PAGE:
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Interviews

Nels Cline

Nels Cline When you’re a musician of great prowess, the tension between creativity and commerce can become difficult to manage. For most of his first 25 years in the music business, electric guitarist Nels Cline eked out his living by playing on countless tours and albums with his own adventurous groups and other musicians he considered worthwhile. But last year, he’d just about had it.

“I was at wit’s end,” Cline recalls from his LA home. “Not because I wasn’t working, but because I wasn’t making enough money after all the work. I was starting to think I was delusional — maybe the dumbest person alive.”

He’d been turning down more lucrative gigs in favour of making creatively satisfying music with the likes of the Geraldine Fibbers and Mike Watt, but when Wilco’s Jeff Tweedy asked him to become a member of his band last year, he agreed at once. Wilco are one of the rare bands whose popularity has risen as their music has become more original; even their song on the Spongebob Squarepants soundtrack, their first recording with Cline, has a progressive feel. What’s more, the steady paycheck enables Cline to pursue his many other projects without fear of going broke.

Currently, the guitarist is touring with his ironically-named trio The Nels Cline Singers, featuring Devin Hoff on bass and Scott Amendola on drums. Their second album, 2004’s The Giant Pin, features some low-key jazz vibes, driving rock workouts, ambient weirdness, free improvisation, and of course the occasional wailing guitar solo. On “Fly Fly,” for instance, he suddenly breaks into a freak-out which literally bowls him over.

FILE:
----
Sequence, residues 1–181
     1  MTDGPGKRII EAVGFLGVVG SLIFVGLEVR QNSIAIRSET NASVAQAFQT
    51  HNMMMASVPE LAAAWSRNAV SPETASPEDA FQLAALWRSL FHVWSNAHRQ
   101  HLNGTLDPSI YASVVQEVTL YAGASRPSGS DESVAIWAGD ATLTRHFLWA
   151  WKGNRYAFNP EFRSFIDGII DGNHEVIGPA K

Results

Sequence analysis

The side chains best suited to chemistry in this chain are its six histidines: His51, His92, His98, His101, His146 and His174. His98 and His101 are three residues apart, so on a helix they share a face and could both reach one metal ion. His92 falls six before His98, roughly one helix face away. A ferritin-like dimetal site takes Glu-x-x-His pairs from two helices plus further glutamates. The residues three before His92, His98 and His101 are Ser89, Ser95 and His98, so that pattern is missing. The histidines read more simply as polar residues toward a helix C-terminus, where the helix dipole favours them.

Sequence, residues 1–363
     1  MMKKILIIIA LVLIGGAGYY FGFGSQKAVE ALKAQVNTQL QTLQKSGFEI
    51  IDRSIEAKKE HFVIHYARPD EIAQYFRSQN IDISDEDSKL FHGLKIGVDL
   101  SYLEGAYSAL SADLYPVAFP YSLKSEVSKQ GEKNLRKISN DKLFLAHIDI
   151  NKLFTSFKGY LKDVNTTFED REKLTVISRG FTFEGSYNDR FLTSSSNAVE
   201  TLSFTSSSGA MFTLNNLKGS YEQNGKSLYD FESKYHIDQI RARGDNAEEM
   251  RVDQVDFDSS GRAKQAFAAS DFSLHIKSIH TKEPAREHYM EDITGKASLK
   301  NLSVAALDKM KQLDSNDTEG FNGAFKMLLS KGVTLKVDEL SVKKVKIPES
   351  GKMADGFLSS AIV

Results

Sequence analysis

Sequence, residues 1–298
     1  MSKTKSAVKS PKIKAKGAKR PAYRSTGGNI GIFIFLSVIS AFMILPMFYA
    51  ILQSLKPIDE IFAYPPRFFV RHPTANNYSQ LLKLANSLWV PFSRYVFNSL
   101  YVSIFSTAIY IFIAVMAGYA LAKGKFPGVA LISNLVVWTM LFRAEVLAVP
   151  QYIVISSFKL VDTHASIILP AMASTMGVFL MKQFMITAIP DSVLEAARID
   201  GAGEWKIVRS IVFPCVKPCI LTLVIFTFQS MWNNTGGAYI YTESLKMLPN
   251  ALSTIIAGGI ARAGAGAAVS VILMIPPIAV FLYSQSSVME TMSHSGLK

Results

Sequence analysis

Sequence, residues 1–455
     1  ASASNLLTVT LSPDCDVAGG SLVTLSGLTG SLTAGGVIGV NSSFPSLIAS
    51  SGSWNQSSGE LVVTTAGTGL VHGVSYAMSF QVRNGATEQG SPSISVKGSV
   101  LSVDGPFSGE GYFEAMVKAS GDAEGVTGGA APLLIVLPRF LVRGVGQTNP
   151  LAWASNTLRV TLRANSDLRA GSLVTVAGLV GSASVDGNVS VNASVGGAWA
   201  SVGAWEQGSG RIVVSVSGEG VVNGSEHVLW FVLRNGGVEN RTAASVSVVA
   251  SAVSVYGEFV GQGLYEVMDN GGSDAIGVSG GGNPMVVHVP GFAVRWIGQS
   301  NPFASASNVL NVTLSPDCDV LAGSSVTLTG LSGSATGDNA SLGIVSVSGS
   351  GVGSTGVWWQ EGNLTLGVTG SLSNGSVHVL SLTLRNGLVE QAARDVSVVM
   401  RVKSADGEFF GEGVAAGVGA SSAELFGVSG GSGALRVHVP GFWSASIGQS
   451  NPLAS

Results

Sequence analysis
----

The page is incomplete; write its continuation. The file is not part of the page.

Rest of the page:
“The headphones slid off my head when I was playing,” Cline recalls. “I had to keep them from falling off, and I ended up holding the guitar like a platter for them to fall on. I was sweating a lot, and I just slipped and fell on my ass. That’s where you hear those open guitar strings. I tried to play that last riff on my back with the headphones all wrapped around the guitar, which is on [the album] too. It was kind of funny. … I’m always trying to inject a little bit of humour into my records, because most of it does tend to be a little bit on the minor-key, heroic-tragic side.”

Thankfully, this seems to be the only kind of fall for which the electric guitar’s “tragic hero” is headed. With the monetary issue out of the way, he’s also becoming more comfortable with his inner rock god. “I have endeavoured to not filter too many of my natural impulses out,” he says, “even if they seem kind of ‘bonehead’ sometimes.

“I like to rock out. Most people’s favourite piece that we play live is ‘Something About David H,’ which is an elegy for a dead friend from my teen years, and essentially just a big dirge in E- with a big guitar solo at the end. There’s nothing particularly innovative going on there. It’s really about mood and emotion and catharsis, and judging from the reaction that people have, maybe the bonehead thing isn’t boneheaded at all; maybe it’s just a way that we communicate with the common language of music and harmony.”

— Originally appeared in Eye Weekly, May 2005

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